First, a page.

Tag Archives: farmer’s wife

A Man’s World?


Jumping out of bed at 6am, I got the kids lunches’ ready, ran around a la crazy lady, blew kisses in their general direction and drove out the drive. Packed lunch and serious wellies in the boot, I was ready for a day at farming college. Or so I thought, for the only thing that wasn’t in the boot was the spare tyre that I had taken out at the weekend to make room for a very glamourous hatbox and a particularly classy umbrella for a cousin’s wedding (and a few other bits beside). So to my dismay when I heard the clang, clank, wop of the tyre bursting thirty minutes into my journey, I wasn’t feeling particularly clever or ready to become a farmer. No, my friends, I was feeling like a bit of a girl. A big girl foolish to be precise.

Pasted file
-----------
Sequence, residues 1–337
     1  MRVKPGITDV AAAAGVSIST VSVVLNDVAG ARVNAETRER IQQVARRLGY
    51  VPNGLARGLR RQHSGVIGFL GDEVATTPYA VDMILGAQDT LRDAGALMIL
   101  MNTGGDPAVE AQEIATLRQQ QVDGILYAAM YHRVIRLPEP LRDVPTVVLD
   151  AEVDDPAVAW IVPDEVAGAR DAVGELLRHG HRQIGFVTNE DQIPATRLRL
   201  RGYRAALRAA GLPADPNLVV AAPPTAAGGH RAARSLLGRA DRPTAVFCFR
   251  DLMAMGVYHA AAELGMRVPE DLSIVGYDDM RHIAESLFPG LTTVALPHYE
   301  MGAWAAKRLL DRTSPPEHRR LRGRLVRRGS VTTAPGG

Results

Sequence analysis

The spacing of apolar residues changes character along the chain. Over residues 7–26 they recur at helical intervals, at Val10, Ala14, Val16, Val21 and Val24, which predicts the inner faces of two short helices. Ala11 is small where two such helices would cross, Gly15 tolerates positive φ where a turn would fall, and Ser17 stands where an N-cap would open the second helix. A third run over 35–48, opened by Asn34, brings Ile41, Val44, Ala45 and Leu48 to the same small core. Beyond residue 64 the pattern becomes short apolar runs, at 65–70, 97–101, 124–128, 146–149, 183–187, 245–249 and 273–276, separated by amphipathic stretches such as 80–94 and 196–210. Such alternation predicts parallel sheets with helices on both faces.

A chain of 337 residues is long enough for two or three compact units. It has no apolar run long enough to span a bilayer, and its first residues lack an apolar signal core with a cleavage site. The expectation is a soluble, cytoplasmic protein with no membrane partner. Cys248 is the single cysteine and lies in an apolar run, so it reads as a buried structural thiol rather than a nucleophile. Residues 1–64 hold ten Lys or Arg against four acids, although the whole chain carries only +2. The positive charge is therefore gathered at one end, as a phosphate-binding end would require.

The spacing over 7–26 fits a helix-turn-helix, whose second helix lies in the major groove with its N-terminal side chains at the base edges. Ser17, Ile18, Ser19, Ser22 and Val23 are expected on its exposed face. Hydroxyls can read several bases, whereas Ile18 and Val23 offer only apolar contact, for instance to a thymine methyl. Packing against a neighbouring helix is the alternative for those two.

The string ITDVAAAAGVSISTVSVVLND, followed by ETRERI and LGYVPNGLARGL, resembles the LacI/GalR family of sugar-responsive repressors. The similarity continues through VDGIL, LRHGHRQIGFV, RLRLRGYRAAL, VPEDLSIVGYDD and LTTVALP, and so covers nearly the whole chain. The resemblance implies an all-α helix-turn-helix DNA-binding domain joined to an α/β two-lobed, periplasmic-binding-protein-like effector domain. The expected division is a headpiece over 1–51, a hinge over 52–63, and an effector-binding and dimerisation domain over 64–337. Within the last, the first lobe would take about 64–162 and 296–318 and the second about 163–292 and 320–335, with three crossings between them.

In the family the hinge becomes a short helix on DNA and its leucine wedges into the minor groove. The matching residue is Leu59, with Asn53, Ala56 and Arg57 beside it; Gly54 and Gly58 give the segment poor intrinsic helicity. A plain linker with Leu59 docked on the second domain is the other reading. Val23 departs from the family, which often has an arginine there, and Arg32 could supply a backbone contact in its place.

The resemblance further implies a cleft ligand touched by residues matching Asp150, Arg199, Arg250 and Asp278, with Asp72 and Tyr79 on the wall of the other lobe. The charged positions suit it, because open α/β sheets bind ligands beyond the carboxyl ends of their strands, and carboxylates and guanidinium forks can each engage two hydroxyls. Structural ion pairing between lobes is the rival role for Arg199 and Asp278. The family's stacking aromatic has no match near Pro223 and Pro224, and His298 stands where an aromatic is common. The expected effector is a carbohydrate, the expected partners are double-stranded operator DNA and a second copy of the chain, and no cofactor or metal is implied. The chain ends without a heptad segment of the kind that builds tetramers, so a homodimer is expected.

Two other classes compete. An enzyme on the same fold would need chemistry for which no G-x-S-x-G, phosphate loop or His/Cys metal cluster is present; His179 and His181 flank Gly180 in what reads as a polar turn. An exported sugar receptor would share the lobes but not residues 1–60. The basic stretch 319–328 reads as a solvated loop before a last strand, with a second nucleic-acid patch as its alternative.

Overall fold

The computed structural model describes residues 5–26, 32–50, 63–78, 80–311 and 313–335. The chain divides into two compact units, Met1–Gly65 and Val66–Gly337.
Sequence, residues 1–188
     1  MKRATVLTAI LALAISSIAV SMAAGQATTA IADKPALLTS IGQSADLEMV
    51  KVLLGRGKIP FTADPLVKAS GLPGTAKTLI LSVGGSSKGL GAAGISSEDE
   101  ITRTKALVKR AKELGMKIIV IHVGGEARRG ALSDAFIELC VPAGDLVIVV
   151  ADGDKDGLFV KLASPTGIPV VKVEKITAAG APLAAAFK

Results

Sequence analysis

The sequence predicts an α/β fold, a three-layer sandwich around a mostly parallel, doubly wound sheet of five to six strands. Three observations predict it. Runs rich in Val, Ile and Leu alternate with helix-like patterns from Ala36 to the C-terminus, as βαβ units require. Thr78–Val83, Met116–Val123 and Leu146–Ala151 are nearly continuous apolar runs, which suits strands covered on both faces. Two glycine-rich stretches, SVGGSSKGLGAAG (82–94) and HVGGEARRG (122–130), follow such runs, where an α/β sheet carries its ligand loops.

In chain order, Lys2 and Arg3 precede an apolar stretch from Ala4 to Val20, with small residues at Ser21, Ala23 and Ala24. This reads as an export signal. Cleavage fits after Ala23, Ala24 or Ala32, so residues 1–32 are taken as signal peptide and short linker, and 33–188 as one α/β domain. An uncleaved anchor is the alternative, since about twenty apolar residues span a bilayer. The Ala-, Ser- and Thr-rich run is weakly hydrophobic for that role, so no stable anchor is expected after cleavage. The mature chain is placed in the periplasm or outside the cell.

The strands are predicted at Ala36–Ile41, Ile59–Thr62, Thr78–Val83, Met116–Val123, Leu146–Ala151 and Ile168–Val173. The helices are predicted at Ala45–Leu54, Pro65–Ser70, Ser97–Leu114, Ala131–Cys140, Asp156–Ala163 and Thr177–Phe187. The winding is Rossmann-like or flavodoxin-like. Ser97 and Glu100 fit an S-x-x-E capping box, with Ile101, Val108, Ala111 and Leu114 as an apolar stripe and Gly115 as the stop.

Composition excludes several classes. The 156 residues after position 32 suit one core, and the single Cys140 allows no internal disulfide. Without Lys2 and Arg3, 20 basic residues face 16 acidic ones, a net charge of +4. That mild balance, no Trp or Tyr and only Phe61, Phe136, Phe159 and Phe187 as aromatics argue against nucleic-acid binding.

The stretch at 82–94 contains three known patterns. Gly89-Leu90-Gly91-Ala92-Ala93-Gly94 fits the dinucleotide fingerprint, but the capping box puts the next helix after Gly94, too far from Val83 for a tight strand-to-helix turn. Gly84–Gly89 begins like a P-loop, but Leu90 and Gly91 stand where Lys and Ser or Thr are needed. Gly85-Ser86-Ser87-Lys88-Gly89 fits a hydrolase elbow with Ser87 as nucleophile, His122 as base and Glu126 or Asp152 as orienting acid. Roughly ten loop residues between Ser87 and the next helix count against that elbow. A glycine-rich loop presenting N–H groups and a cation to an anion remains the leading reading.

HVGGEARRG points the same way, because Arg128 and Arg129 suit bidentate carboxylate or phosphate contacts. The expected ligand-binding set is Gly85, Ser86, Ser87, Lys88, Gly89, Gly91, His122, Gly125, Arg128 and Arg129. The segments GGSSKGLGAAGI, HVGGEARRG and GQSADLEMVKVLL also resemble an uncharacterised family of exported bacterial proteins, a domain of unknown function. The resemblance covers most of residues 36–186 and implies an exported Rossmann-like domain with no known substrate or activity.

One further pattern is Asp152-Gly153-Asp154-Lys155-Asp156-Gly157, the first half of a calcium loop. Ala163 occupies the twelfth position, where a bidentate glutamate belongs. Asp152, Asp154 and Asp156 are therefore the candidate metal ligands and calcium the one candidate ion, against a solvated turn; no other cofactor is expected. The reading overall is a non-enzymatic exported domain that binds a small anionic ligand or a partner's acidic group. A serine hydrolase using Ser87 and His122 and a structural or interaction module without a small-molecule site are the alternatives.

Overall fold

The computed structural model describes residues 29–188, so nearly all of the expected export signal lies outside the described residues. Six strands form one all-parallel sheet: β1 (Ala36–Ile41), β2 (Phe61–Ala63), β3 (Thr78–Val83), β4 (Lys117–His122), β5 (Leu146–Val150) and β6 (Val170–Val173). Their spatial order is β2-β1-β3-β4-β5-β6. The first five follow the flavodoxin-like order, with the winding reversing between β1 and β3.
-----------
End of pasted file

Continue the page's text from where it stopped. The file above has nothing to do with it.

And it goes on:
At this point, I must apologise to my fellow women, my sisters as it were for the following retelling of yesterday’s day at farming college. It was not my intention at the outset to let down the female population by being such a girl when faced with the mechanic and farming tasks that were put before me. But there was a wedding, a day’s teaching and three small boys to knock the masculine out of me before. And while I didn’t quite mention the lovely post wedding nails that for the first time in my life I hadn’t managed to chip, I put in an SOS or SON (save my nails)  phonecall into my farmer to come and a).bring the tyre and b). change said tyre. I know, girls, you’re rolling those eyes. For it was just as well, my hero came for not one person stopped to help out this damsel in distress as she was stood in a lonely country road staring confusedly at a wheel jack.